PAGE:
Despite Press’ history with the USWNT — she has 155 caps and has scored 64 goals, many in big moments — it’s challenging to be a forward on the national team right now. Morgan, Swanson and Smith have been Andonovski’s preferred starters, while Rodman and Rapinoe come off the bench. It’s the most competitive position battle with little room for more additions.
Press has experience, but that doesn’t guarantee a third World Cup trip. Andonovski did say last month, however, that any player who is healthy and in form will be considered. Perhaps getting minutes and scoring goals for Angel City early on in this NWSL season will help her case.
Tobin Heath, Free agent
Heath has been another prominent player missing from recent national team rosters due in part to a knee injury. The 34-year-old, who joined the OL Reign last summer, hasn’t played for the U.S. since 2021.
Like Press, Heath has a ton of experience – winning titles in college, playing in Europe and earning 181 USWNT caps — and will be considered if she’s healthy and fit.
Andonovski had this to say about her in February:
“Tobin is one of those players that has tremendous experience with the national team playing against top level teams and she’s a born leader and born winner,” the coach said. “She has won World Cups. She has won championships in club, college, everywhere. So anyone healthy and ready and in good form and can help this team be successful, is going to be looked at and selected for the roster for the World Cup.”
Alyssa Thompson, Angel City
Earlier this month, high school senior Alyssa Thompson started her day as normal. She went to school and did her homework. But in the evening, the 18-year-old Thompson scored her first professional goal for Angel City in a NWSL preseason match. Super normal and not out of the ordinary at all, right?
Thompson, the No. 1 overall pick in this year’s draft, is going to be one of the most compelling players to watch in the NWSL this season. There’s curiosity surrounding the budding star, who initially committed to Stanford but decided to head straight to the pros instead as Mallory Swanson, Lindsey Horan and Trinity Rodman did before her.
While she probably won’t make the World Cup roster this summer — Thompson did earn her first two caps against England and Spain last fall — Andonovski is easing her into the senior national team.
“We do understand that she is young and for her, the most important thing right now is just to get into the system and learn every time she is in the environment,” Andonovski said in October.
Midge Purce, Gotham FC
We’ve talked about the competition amongst the forwards and Purce is also in the mix. While she had a down year in 2022 and was in and out of national team camps, she’s determined to play in her first World Cup.
Purce, 27, led her club in scoring with nine goals in 2021 and finished second in the Golden Boot race. Then last year, she only had three goals. She scored two in 11 USWNT matches in 2022, but was left off the roster for the final four games of the year. Andonovski cited a “dip in form” at the time, but assured her that didn’t mean she was off the roster.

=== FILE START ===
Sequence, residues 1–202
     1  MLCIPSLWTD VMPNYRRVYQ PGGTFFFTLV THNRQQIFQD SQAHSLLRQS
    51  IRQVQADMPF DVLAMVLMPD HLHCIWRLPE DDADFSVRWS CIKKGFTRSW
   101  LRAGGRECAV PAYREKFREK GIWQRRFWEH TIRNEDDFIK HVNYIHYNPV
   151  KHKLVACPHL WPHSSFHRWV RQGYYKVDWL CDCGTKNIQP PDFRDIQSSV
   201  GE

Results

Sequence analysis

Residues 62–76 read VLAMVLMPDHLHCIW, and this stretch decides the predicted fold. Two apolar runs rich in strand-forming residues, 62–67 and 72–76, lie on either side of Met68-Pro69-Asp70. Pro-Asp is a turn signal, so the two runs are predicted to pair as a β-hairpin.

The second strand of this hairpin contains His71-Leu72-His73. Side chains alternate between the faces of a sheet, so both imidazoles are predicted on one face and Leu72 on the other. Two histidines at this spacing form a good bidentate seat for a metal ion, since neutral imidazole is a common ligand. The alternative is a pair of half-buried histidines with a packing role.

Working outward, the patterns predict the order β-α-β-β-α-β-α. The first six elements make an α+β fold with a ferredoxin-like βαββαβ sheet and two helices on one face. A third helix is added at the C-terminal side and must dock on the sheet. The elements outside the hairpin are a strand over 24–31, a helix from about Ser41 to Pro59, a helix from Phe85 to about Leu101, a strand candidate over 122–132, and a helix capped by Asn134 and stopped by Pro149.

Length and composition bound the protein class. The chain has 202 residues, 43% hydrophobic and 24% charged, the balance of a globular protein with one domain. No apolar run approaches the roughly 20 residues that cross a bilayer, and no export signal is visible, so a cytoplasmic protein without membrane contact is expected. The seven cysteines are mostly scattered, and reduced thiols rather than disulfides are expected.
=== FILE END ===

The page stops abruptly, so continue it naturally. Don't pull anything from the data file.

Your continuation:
Purce has been called in for both camps so far this year, playing in two New Zealand matches (including one start) and the SheBelieves Cup game against Canada. While she’s on the World Cup roster bubble at the moment, the Harvard grad will try to strengthen her case as the NWSL season begins.
Tierna Davidson, Chicago Red Stars
Davidson sort of made her return to the USWNT during the SheBelieves Cup when she trained with the team in Orlando, but did not play in any games. The 24-year-old has been MIA while recovering from a torn ACL, which she sustained during a Red Stars practice one year ago, and is still in the “let’s wait and see” category as it pertains to a World Cup roster spot.
Davidson, who was the youngest player on the 2019 World Cup roster, also has to worry about players who have stepped up in her absence. Girma and Alana Cook have become regulars in the rotation and have gotten comfortable playing with captain Becky Sauerbrunn at center back. Davison, of course, played with Sauerbrunn during the Tokyo Olympics. Then there’s Emily Sonnett, who returned to play in January after a six-month layoff due to a foot injury.
Can Davidson get some quality minutes for the Red Stars and make a push?
Taylor Kornieck, San Diego Wave
Kornieck, 24, scored a goal in her first cap last June in a friendly match against Colombia. Since then, she’s been invited into every USWNT camp (though she missed the European trip last October with an ankle injury) and seems to have a good chance in making her first World Cup roster.
Kornieck adds a different element to this team with her size. At 6’1″, she’s the tallest field player in USWNT history and has a significant height advantage on set pieces. Think Abby Wambach in aerial duels, except Wambach was 5’11”.
Andonovski has used Kornieck as a defensive midfielder with the national team, but she actually plays more of a connecting midfielder with the Wave. Andi Sullivan is a regular No. 6 starter alongside midfielders Lindsey Horan and Rose Lavelle. And even though this isn’t Kornieck’s natural position, she could find herself playing there a bit this summer.